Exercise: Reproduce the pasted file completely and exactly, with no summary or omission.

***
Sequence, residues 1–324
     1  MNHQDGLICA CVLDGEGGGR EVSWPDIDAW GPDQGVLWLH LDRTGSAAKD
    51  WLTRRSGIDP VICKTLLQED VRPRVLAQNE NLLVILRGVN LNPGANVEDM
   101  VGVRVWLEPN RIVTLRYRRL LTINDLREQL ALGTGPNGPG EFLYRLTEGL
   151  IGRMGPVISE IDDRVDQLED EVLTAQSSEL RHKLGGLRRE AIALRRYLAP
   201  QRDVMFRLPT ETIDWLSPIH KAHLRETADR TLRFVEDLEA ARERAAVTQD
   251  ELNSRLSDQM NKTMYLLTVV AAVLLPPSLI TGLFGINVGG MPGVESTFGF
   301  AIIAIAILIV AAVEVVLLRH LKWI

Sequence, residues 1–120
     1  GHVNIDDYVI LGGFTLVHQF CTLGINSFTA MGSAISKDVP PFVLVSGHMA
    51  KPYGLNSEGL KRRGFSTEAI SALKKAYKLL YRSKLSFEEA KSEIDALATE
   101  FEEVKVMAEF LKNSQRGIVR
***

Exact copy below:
Sequence, residues 1–324
     1  MNHQDGLICA CVLDGEGGGR EVSWPDIDAW GPDQGVLWLH LDRTGSAAKD
    51  WLTRRSGIDP VICKTLLQED VRPRVLAQNE NLLVILRGVN LNPGANVEDM
   101  VGVRVWLEPN RIVTLRYRRL LTINDLREQL ALGTGPNGPG EFLYRLTEGL
   151  IGRMGPVISE IDDRVDQLED EVLTAQSSEL RHKLGGLRRE AIALRRYLAP
   201  QRDVMFRLPT ETIDWLSPIH KAHLRETADR TLRFVEDLEA ARERAAVTQD
   251  ELNSRLSDQM NKTMYLLTVV AAVLLPPSLI TGLFGINVGG MPGVESTFGF
   301  AIIAIAILIV AAVEVVLLRH LKWI

Sequence, residues 1–120
     1  GHVNIDDYVI LGGFTLVHQF CTLGINSFTA MGSAISKDVP PFVLVSGHMA
    51  KPYGLNSEGL KRRGFSTEAI SALKKAYKLL YRSKLSFEEA KSEIDALATE
   101  FEEVKVMAEF LKNSQRGIVR